For most people, sometimes even experienced designers and contractors, the toughest part of a remodeling project is visualizing what the space is going to look like afterward. A set of plans is a great first step, of course, but they often don’t give you the three-dimensional perspective you need to really see the room and experience perspectives, traffic patterns, light, and all the rest.

So, once the demolition is complete and the room is bare, do some simple experimenting. This should occur before anything goes back in, including wiring, plumbing and drywall, since this is your one opportunity to make changes in the original plans if you catch something you don’t like.

Get it on tape
The easiest place to start is on the floor, with masking tape. Refer to your plans and tape out the major immovable components of the remodel, such as walls and cabinets. By doing this full-scale right on the floor, you’ll see firsthand how the room begins to close in certain areas and how traffic patterns begin to emerge.

If you’re adding new windows or doors, use newspaper and tape to create them full size on the walls, in their exact locations. Again, this will give you a much better visualization of how they interact with the flow of the room.

Break out some cardboard
Now it’s time to get even more creative and do some three-dimensional building with cardboard. It’s an extra step, especially at a time when you’re anxious to get the real wood and nails flying, but a little time spent here can save you some critical mistakes.

Using cardboard, tape, light wood such as 1-by-1-inch or 2-by-2-inch, and a staple gun, build some full-scale models of some of the major components of the room. Large, used cardboard boxes are often available from appliance and furniture stores — ask first — and you can cut them up and piece them together as needed. They don’t need to be pretty, just the correct size.

For example, for a kitchen remodel, you may want to lay out cardboard counters at the correct height, supported by cardboard legs, then build a three dimensional cardboard island. This will really let you see firsthand if you have enough room for all that. On the floor, tape out the dimensions of the open dishwasher door, or the swing of the refrigerator door, and verify firsthand that you’re comfortable with all the clearances.

Another good use of all this cardboard and newspaper is to help you see what’s going to happen to the light in a room. When you first strip everything out, there’s nothing to block all the light streaming in from the windows. But what happens when those wall cabinets go up in the kitchen, or when that tall linen storage cabinet gets set in the bathroom?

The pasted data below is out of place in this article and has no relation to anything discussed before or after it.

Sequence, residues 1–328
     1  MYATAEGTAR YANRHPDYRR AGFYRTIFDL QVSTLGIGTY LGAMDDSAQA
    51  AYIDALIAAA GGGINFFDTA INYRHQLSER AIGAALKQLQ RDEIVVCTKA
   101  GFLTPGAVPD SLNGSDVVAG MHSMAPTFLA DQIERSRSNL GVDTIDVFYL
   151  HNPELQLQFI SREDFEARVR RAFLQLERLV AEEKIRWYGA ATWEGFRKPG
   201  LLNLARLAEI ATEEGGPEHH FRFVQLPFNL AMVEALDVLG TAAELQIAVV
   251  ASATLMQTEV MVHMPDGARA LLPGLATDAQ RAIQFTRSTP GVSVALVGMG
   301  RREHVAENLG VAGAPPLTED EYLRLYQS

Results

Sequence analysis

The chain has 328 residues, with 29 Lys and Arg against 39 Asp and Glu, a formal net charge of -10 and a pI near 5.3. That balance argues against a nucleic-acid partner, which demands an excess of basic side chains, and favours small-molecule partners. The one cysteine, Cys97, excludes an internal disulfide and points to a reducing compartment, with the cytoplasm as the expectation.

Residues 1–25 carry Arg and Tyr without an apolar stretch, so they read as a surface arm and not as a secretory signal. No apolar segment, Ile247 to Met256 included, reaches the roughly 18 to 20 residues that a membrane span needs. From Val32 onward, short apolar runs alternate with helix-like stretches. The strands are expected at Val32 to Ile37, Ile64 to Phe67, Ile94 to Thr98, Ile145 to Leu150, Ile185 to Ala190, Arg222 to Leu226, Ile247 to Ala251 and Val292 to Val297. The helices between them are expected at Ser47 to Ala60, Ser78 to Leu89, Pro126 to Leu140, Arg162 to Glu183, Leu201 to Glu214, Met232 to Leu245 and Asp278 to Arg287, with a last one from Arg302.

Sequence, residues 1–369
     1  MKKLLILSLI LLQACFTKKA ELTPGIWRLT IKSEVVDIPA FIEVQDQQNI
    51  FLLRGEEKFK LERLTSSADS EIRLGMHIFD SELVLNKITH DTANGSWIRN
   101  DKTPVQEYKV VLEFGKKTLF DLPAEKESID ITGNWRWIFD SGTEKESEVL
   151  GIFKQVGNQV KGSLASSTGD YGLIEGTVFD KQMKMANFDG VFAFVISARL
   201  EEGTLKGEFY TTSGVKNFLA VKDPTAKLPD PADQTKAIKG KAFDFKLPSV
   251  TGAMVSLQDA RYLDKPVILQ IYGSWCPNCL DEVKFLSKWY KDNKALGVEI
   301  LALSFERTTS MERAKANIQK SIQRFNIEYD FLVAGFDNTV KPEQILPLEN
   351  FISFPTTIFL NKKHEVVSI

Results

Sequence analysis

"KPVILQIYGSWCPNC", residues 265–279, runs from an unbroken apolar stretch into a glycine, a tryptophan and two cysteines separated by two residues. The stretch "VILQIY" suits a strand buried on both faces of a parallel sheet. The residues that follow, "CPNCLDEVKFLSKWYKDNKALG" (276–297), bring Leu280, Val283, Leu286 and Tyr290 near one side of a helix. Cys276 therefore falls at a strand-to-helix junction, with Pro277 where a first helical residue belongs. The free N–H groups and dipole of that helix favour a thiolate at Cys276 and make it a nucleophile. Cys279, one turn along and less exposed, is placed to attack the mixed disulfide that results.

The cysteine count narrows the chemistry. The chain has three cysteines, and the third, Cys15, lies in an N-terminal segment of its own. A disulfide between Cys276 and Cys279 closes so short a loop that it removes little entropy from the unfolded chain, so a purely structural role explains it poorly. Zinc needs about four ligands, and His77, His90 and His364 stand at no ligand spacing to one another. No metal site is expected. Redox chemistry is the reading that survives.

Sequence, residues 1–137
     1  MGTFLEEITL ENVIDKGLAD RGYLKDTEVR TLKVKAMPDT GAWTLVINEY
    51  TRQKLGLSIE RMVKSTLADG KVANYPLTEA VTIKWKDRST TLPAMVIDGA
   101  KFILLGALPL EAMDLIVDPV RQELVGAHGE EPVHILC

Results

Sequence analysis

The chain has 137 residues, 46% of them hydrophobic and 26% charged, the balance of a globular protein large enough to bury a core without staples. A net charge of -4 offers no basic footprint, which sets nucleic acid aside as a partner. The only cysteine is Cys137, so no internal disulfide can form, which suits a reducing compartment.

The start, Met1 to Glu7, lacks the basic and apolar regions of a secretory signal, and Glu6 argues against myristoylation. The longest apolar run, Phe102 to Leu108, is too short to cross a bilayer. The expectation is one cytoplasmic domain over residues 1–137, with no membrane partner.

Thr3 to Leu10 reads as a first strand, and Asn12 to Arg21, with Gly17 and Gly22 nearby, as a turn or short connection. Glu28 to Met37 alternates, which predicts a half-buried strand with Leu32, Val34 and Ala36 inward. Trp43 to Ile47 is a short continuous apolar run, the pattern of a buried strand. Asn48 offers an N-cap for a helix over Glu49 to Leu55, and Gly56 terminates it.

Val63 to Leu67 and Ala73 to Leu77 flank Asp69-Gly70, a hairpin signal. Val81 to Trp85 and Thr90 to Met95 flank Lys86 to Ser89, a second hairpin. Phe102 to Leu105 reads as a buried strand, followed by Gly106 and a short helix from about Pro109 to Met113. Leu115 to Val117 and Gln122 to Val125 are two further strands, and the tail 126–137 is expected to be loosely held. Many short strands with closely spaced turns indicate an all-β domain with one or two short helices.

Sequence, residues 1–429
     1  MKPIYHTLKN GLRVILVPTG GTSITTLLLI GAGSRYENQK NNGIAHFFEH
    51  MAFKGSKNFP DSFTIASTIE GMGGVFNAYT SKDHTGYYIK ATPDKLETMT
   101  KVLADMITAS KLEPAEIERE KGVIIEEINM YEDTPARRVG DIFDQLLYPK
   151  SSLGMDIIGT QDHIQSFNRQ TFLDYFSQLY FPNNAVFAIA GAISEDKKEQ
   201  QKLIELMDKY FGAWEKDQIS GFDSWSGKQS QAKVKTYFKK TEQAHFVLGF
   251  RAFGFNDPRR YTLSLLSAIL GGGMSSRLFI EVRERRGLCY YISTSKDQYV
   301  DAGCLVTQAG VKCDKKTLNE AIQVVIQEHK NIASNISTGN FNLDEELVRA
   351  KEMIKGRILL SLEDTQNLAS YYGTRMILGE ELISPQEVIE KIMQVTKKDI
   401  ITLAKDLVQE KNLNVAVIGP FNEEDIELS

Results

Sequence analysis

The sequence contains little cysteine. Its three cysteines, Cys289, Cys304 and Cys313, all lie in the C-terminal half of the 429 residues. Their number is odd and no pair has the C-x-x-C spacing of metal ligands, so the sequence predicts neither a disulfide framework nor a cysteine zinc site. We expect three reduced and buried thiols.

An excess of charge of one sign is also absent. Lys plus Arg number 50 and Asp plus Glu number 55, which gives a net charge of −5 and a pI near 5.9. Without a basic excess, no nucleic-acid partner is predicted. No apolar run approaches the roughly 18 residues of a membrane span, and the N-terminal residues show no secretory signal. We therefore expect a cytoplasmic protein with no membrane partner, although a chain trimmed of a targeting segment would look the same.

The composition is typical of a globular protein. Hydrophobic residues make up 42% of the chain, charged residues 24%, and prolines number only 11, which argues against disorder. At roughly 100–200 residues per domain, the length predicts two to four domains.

You can either build a cardboard cabinet of the proper size, or simply tape newspaper to some strings and then pin the strings to the ceiling in the proper locations — anything that will block the light from the windows in the same way the new cabinets will. Then you can assess how much of an impact they’ll have, and perhaps move them or alter them if needed.

Top it off with some fake furniture
Furniture is another thing that dramatically impacts traffic flow, but often doesn’t get taken into consideration until after the remodeling is complete. Here’s your opportunity to do it beforehand, and perhaps make a critical change or two.

With all that tape on the floor, you have a good layout of where all the walls, cabinets and other main components are going to be located. Using some cardboard, make full-scale, two-dimensional models of any large pieces of furniture, such as a couch, dining room table or bed. These don’t need to be three-dimensional, since you’re concerned only about how the footprint will affect traffic patterns, so just tape together several pieces of cardboard and then cut them to the correct final dimension.

Label your creation so you remember which piece of furniture it is, then you can move it into different locations to try different room layouts. Once again, this full-scale playroom will let you make any necessary changes to your original plan.

Once you’re happy with everything, leave the tape in place on the floor for the time being. As long as you’ve placed it accurately, it’s a great help to the electrician for taking measurements when placing can lights and ceiling boxes!

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